The Heart of In-House Lawyering: 8 Nuggets for the Aspiring Lawyer


Afoma Ofodile, Senior Counsel, GE Aviation in a live webinar with Oyeniyi Immanuel, of the Nigerian Bar Association, Section on Business Law, Young Lawyer’s Forum, shared on her career experience. Here are the key takeaways for the aspiring in-house lawyer.

1)  Define your interests: “I knew that my interests lay more in seeing how two people can come together to create value as opposed to the adversarial nature of litigation. I liked the idea of being a lawyer but also being close to the business in a way that I didn’t think would be possible working in a law firm. So, after I completed graduate school, the opportunity to join GE was offered and I seized it with both hands.”

2)  Interact with people in the industry: When asked if her decision to go to graduate school was influenced by her desire to work in-house, she responded, “Actually it was the opposite. During my undergrad and throughout law school, I was exposed to the court systems in England and Nigeria which convinced me that I was not keen on litigation practice. However, during graduate school I interacted with many of the General Counsels that came to the campus for meet-and-greets and that magnified my interest.”

3)  Gain some practice experience: “The belief going in-house is that one is already a good lawyer and one only becomes a good lawyer by practicing. However, be very specific about your practice journey; pick a law firm with a strong practice in the sector you are focused on. That being said, you need to pick experiences where you can get the best for yourself. In-house, there are a lot of department heads and team members who have come from years in practice, from whom you can learn the rudiments of commercial lawyering. In such instances, it might be a good idea to head in-house without practice experience. Bear in mind, though, that some companies would only hire in-house lawyers with a minimum number of practice experience.”

4)  Develop key skills: “To succeed in-house, you must understand basic legal concepts and be able to communicate them succinctly. Have substance but be brief; the point of communication is for the other person to understand what you’re saying, and while the effort that goes into the tome is appreciated, most business persons don’t have the time to interprete it. People skills are invaluable. You will find in your career that people have different perceptions of reality, and it is important to navigate those differences, successfully.”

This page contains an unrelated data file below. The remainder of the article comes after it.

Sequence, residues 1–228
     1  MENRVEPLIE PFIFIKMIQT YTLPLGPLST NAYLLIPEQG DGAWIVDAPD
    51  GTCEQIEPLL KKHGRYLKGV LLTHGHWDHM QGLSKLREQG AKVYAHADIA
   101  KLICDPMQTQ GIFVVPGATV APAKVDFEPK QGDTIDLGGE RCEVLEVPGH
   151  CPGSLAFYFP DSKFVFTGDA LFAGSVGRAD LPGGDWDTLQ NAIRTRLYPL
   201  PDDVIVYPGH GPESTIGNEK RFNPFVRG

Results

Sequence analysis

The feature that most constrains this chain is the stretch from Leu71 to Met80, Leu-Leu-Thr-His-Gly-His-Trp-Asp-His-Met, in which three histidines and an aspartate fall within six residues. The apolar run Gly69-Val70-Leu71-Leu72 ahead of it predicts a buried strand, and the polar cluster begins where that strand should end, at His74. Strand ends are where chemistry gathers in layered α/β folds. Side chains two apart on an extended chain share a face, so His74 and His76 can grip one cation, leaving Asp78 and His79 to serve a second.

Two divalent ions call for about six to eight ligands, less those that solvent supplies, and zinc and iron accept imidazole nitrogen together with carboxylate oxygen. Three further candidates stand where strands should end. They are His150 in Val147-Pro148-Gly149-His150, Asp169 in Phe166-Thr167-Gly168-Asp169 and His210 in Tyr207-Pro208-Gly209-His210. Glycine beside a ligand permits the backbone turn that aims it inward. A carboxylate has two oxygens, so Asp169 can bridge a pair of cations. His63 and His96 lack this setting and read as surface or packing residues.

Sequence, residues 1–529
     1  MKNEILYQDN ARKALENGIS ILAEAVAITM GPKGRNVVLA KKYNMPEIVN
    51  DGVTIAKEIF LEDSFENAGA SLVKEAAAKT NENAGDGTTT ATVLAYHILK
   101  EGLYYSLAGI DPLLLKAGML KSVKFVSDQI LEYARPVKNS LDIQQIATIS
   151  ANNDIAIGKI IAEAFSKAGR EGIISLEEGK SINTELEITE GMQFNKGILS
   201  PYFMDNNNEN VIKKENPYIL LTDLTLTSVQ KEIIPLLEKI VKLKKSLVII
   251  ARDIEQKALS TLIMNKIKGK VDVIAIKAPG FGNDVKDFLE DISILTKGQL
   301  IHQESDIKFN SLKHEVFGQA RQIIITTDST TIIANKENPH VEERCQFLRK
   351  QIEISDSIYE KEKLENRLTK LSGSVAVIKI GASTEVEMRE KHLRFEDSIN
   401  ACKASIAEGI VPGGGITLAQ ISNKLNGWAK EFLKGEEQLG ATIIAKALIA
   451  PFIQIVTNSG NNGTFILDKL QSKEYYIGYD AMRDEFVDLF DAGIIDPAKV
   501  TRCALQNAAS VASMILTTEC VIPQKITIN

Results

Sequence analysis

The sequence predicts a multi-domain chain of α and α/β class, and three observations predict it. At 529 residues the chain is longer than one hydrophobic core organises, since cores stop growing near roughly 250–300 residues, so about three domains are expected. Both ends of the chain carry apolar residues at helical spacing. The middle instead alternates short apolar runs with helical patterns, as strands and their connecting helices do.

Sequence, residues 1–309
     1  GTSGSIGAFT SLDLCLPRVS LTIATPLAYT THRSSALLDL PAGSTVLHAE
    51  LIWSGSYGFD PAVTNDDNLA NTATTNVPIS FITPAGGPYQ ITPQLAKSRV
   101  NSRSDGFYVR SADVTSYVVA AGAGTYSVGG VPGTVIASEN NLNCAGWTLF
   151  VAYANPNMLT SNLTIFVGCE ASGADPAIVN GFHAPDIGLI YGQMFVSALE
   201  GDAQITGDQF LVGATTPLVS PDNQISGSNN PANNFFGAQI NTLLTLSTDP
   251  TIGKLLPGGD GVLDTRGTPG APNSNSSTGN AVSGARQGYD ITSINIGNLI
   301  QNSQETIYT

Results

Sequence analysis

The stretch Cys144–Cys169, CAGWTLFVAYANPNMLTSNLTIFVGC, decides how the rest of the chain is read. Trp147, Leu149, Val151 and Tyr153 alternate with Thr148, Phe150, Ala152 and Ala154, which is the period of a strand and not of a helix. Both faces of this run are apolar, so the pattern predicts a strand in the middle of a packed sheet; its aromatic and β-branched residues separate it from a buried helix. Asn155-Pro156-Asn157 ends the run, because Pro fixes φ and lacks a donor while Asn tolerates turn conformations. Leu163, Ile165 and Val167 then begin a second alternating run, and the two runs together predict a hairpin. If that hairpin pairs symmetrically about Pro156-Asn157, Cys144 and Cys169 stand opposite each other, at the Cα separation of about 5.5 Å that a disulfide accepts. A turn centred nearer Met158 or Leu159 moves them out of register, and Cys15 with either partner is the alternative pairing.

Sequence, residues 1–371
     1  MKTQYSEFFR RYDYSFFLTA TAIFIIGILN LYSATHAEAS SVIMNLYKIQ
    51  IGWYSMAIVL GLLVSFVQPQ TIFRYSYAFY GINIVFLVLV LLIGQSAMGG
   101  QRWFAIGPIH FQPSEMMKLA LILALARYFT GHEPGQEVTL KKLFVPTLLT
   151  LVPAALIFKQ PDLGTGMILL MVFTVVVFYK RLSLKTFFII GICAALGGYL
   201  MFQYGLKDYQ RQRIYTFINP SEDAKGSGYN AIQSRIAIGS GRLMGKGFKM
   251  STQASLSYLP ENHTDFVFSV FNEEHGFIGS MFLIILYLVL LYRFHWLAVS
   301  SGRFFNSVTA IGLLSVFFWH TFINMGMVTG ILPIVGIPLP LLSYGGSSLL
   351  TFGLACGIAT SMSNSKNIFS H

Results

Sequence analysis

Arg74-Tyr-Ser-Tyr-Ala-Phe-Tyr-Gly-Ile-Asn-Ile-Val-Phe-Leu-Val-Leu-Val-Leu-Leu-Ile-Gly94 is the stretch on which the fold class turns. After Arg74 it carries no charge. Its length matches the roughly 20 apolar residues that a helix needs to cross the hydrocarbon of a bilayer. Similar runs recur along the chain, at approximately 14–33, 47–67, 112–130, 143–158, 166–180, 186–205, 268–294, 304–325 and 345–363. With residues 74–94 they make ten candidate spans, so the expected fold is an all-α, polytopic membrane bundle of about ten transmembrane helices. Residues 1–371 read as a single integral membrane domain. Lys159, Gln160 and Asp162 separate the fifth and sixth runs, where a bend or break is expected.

5)  Learn to hierarchize priorities: “I think, more than our colleagues, it is the voice in our head that whispers, “people will think I am not productive” that makes us over-promise and bend over backwards, unsustainably. Know what your priorities are in your role and learn to negotiate timelines. When I got to Dubai, I was under pressure to deliver and be as fast as everyone else, but I was new to the sector and the country. Because I am committed to producing excellent work, I had to say sometimes, I am happy to do this for you but not until next week. Time and a work-life balance is needed to produce high quality work, consistently.”

6)  Build and maintain relationships: “People like working with people they know, and networking is about forming relationships. One of the easiest ways to build a network is to maintain relationships within your age bracket. I got called in 2012, in 2 years my call mates and I would be 10 years at the bar. These are the people that can refer me to potential business and career opportunities. Another way, especially if you’re introverted, is to do favours. If there is something that you can do for someone that does not cost you anything, do it; people are more disposed to being helpful if you are. Finally, ask for introductions, when you meet someone that you think is interesting, and you have a mutual friend, ask for an introduction.”

7)  Nobody knows everything, not even a lawyer: “I think one of the ways we brainwash ourselves as lawyers is thinking that we must know everything. Nobody does. So, ask questions, especially in a new role. In a senior position like mine, you have a limited time frame within which to acclimatize. During that time people will give you a free pass, you can ask all the questions, if you don’t people will assume that you know. Some of my colleagues have been in the industry for 30-40 years and at that level of experience, they speak like everyone understands what they’re saying. Don’t have a problem saying you don’t know, and the earlier you say it the better.”

8)  Leave room for new adventures: “When I worked for the commercial law firm, I specialized in energy and infrastructure and I already had a bias towards the energy and infrastructure sector because that’s where was experience in the commercial law firm was. But GE is a conglomerate, and I got to experience a lot more sectors and regions including Aviation and the UAE where I am now.”


The NBA Section on Business Law, Young Lawyers Association, holds weekly webinars with mentors. Learn more on their Instagram page: @nbasblyounglawyerscommittee



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